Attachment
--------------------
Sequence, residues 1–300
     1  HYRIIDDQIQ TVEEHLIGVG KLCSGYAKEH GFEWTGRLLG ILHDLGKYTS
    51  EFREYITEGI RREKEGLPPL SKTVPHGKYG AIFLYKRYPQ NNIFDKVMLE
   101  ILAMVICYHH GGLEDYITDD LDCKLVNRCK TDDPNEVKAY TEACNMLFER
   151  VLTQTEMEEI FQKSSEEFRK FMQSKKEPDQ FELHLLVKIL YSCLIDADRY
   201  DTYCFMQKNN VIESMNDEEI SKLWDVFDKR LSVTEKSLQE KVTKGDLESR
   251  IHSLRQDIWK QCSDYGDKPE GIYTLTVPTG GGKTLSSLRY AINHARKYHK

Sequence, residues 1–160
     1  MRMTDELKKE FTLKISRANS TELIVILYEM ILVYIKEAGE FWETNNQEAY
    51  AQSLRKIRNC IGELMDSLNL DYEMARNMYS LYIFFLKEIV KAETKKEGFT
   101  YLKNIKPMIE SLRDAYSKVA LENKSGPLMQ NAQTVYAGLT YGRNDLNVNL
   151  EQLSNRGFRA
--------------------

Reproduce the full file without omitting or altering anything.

Sequence, residues 1–300
     1  HYRIIDDQIQ TVEEHLIGVG KLCSGYAKEH GFEWTGRLLG ILHDLGKYTS
    51  EFREYITEGI RREKEGLPPL SKTVPHGKYG AIFLYKRYPQ NNIFDKVMLE
   101  ILAMVICYHH GGLEDYITDD LDCKLVNRCK TDDPNEVKAY TEACNMLFER
   151  VLTQTEMEEI FQKSSEEFRK FMQSKKEPDQ FELHLLVKIL YSCLIDADRY
   201  DTYCFMQKNN VIESMNDEEI SKLWDVFDKR LSVTEKSLQE KVTKGDLESR
   251  IHSLRQDIWK QCSDYGDKPE GIYTLTVPTG GGKTLSSLRY AINHARKYHK

Sequence, residues 1–160
     1  MRMTDELKKE FTLKISRANS TELIVILYEM ILVYIKEAGE FWETNNQEAY
    51  AQSLRKIRNC IGELMDSLNL DYEMARNMYS LYIFFLKEIV KAETKKEGFT
   101  YLKNIKPMIE SLRDAYSKVA LENKSGPLMQ NAQTVYAGLT YGRNDLNVNL
   151  EQLSNRGFRA